I've been playing with the thought that the page table of a virtual texture could itself have a higher level indirection table, allowing us to create much bigger virtual textures by dynamically allocating huge virtual texture blocks. This would make geometry streaming simpler with virtual texturing since you wouldn't need to have the entire worlds' page table in memory at once and can help avoid precision issues when page tables get too big.
The texturing on geometry would not be able to cross the edges of these higher level blocks, but that would be fine because the dimensions of these blocks would basically still be really big, much bigger than you'd ever want polygons to be. Also, we only really care about the actual texture pages that we store on disk and loading them quickly enough, if page tables have huge empty spaces, it doesn't matter because they don't actually take any space on disk, or any substantial space in memory. So if we have lots and lots of additional page table space, we gain a lot of freedom in how we built and update our virtual texture, and how we place our model/level textures within our virtual texture. We don't need to pack it as tightly anymore and we could consider using other metrics to place our textures in our virtual texture, for example proximity of the geometry on which the texture lies.
Obviously we do not want to have an extra indirection in our pixel/fragment shaders, which would be terribly wasteful, but we could easily use our vertex shaders for that, considering that geometry wouldn't be allowed to cross these higher level blocks. Another way could be that suppose you can load X page table blocks in memory at the same time, and each page table block would have a fixed position within the page table then you wouldn't have to use a vertex shader either. But you'd have to guarantee that no two page table blocks with the same position would ever be loaded, which might be fine if you have enough block positions.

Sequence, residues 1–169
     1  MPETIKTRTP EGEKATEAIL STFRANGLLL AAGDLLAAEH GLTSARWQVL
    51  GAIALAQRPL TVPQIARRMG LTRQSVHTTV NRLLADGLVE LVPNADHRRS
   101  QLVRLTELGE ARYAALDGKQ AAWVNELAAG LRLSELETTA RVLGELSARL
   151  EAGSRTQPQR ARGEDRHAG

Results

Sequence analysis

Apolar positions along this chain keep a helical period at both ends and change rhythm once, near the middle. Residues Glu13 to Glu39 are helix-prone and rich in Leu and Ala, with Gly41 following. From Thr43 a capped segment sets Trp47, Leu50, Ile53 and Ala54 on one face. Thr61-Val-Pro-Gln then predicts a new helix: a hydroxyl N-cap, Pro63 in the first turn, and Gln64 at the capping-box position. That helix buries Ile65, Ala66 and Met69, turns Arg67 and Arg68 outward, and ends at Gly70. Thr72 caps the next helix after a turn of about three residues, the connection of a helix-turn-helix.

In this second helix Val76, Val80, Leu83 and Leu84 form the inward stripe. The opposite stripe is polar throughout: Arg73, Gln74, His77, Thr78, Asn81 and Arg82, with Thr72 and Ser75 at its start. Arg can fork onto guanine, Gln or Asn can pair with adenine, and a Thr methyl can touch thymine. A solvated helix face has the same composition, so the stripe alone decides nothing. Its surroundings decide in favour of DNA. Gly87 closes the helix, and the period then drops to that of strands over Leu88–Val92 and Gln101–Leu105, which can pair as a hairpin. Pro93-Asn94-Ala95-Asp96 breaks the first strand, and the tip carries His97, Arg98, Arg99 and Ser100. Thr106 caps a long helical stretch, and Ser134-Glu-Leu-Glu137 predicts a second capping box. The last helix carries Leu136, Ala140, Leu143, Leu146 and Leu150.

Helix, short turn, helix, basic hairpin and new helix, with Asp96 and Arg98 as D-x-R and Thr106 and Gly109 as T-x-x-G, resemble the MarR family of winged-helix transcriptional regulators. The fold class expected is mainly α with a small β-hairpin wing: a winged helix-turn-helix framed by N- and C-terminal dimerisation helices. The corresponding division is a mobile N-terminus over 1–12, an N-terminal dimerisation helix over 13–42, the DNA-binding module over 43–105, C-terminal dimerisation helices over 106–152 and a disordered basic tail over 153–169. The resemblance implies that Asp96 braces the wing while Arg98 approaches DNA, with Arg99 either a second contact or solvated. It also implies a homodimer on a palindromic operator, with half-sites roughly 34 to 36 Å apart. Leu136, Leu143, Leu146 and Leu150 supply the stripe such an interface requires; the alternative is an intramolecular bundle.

On another note I've been looking at Assimp (I know what you're thinking, but no, that stands for Open Asset Import Library, you pervert) and it's pretty cool. I couldn't get the .net library to compile, which is a shame, but I've been using the C compiled command line tool to convert all the Lightwave files in quake 4 into an easily parsable XML format, which I then parse and use in my, oh so neglected, virtual texture experiment. It really makes everything feel more like an actual level, instead of random geometry with big gaping holes in it ;) Along the way I discovered that somehow my geometry was swizzled across an axis compared to quake 4, so I fixed that. In the process of getting all the geometry in the level I've had to parse all the skin, guide, mtt (material type), and def (entity definition) files (next to all the mtr (material), map and proc files that already was parsing before), which was a big adventure in figuring our how the id-tech 4 technology worked from a data point of view. Certainly gave me renewed respect for it's flexibility, despite the engine's age.
One of these days I'm going to put support for all the texture and door animations in my little demo (well, it's actually starting to become a little engine of sorts), and put in proper support for texture blending. And brute force page VSD as a pre-process (to determine if a page mip can actually ever be visible). And fast texture compression. And lighting obviously. And physics. And maybe it's not really an engine after all :)